Dissipation of Titan's south polar clouds

Emily L. Schaller, Michael E. Brown, Henry G. Roe, Antonin H. Bouchez, Chadwick A. Trujillo

Research output: Contribution to journalArticlepeer-review

69 Scopus citations

Abstract

Nearly all adaptive optics images of Titan taken between December 2001 and November 2004 showed tropospheric clouds located within 30° of the south pole. We report here on a dissipation of Titan's south polar clouds observed in twenty-nine Keck and Gemini images taken between December 2004 and April 2005. The near complete lack of south polar cloud activity during this time, and subsequent resurgence months later at generally higher latitudes, may be the beginning of seasonal change in Titan's weather. The ∼5 month decrease in cloud activity may also have been caused by methane rainout from a large cloud event in October 2004. Understanding the seasonal evolution of Titan's clouds, and of any precipitation associated with them, is essential for interpreting the geological observations of fluid flow features observed over a wide range of Titan latitudes with the Cassini/Huygens spacecraft.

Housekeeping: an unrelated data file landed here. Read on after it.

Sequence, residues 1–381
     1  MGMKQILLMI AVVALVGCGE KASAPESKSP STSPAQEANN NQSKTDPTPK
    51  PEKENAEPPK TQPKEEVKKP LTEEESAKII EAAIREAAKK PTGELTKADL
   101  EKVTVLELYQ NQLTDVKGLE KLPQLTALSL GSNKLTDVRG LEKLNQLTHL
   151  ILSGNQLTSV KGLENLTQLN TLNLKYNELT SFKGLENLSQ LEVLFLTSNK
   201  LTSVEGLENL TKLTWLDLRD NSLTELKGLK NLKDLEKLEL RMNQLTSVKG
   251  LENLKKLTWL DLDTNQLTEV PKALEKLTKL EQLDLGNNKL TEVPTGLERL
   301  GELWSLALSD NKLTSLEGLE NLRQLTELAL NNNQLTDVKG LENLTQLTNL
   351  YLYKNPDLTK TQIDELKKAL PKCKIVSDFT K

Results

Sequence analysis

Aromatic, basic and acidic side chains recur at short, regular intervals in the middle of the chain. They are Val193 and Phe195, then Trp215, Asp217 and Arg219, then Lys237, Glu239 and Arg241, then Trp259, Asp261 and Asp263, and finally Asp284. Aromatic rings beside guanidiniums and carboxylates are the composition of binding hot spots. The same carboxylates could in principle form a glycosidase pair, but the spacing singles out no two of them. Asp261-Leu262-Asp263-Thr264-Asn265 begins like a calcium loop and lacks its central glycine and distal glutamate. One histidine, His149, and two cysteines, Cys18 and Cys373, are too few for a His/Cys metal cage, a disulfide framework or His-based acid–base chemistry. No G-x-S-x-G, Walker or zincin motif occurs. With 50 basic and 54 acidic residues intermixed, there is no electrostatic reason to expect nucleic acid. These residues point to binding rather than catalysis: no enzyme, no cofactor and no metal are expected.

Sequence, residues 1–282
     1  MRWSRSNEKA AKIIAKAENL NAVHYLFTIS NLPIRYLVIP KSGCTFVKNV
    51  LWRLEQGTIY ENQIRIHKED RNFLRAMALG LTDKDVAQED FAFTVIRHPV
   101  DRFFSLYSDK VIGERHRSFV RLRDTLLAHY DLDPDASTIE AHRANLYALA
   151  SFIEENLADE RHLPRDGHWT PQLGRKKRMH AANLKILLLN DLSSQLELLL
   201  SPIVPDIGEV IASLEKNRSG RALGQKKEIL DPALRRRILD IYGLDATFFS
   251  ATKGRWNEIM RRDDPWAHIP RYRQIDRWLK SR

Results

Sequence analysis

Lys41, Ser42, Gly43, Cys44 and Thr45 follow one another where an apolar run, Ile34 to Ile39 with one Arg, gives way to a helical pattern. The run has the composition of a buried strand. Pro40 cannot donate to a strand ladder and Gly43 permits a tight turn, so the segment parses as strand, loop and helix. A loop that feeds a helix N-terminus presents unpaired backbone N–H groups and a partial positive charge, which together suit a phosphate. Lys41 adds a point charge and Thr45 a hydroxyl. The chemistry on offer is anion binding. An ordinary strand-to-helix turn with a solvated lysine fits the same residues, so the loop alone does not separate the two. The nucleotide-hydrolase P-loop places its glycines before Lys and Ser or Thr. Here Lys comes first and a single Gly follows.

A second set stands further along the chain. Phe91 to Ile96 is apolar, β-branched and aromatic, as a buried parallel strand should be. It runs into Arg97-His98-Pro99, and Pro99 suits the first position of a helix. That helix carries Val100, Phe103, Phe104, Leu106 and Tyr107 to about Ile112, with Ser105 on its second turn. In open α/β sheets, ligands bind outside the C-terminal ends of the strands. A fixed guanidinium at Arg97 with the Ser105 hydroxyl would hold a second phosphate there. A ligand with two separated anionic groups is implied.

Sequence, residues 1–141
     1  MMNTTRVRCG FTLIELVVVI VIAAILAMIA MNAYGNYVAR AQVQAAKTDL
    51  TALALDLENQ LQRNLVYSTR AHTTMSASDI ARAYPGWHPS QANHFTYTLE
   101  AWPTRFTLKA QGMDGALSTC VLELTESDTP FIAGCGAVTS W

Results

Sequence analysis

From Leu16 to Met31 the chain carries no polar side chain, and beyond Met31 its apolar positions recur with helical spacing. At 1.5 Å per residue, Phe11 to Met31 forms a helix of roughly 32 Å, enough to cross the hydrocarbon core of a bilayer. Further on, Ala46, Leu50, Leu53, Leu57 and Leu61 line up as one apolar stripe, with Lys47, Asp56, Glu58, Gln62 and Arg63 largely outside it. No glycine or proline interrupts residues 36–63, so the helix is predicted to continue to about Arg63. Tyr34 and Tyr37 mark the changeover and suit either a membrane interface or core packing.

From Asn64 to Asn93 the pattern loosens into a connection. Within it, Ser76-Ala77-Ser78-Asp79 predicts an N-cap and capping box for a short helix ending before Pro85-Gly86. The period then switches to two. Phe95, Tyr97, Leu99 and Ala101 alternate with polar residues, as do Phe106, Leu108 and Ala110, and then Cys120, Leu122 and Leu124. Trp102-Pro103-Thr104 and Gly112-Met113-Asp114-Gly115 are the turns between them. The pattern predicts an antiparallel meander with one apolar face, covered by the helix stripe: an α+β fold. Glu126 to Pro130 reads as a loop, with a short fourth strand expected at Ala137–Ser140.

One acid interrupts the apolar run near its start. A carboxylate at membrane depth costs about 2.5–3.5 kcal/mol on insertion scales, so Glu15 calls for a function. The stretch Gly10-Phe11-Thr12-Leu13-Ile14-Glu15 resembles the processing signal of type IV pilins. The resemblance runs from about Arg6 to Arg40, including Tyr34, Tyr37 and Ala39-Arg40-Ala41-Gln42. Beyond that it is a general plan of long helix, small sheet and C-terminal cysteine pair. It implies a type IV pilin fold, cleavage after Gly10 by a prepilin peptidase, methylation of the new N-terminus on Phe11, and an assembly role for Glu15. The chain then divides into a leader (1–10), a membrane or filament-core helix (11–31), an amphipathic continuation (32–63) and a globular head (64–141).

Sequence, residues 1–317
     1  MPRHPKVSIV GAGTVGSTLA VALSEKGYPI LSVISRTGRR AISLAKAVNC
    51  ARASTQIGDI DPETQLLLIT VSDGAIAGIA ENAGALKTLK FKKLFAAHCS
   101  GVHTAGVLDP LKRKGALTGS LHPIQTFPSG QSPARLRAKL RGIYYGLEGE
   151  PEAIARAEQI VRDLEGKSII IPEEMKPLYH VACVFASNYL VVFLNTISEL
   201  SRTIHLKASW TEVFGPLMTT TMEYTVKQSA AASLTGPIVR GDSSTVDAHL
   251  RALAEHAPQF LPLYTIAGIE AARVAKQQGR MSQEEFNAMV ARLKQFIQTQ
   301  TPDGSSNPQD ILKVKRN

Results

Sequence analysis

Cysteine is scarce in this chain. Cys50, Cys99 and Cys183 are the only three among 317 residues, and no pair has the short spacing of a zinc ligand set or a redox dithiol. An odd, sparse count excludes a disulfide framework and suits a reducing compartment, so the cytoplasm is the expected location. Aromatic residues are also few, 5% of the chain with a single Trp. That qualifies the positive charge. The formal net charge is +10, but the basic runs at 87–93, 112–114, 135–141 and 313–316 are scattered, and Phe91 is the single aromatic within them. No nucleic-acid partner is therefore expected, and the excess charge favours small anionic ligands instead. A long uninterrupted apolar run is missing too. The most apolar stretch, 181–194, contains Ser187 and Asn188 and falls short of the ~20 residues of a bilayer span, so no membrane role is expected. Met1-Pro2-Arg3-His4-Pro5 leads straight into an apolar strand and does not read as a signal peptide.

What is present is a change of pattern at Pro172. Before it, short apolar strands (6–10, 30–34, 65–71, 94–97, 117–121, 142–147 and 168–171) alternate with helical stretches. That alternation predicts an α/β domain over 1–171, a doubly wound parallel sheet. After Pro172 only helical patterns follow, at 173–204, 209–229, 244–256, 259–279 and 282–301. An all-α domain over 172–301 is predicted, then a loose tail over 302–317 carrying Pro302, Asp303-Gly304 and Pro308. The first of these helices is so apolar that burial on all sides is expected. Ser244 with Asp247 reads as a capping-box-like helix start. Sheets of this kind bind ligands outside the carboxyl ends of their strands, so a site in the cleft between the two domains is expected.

Original languageEnglish (US)
Pages (from-to)517-523
Number of pages7
JournalIcarus
Volume184
Issue number2
DOIs
StatePublished - Oct 2006
Externally publishedYes

Keywords

  • Atmospheres
  • dynamics
  • Infrared observations
  • Meteorology
  • Titan

ASJC Scopus subject areas

  • Astronomy and Astrophysics
  • Space and Planetary Science

Fingerprint

Dive into the research topics of 'Dissipation of Titan's south polar clouds'. Together they form a unique fingerprint.

Cite this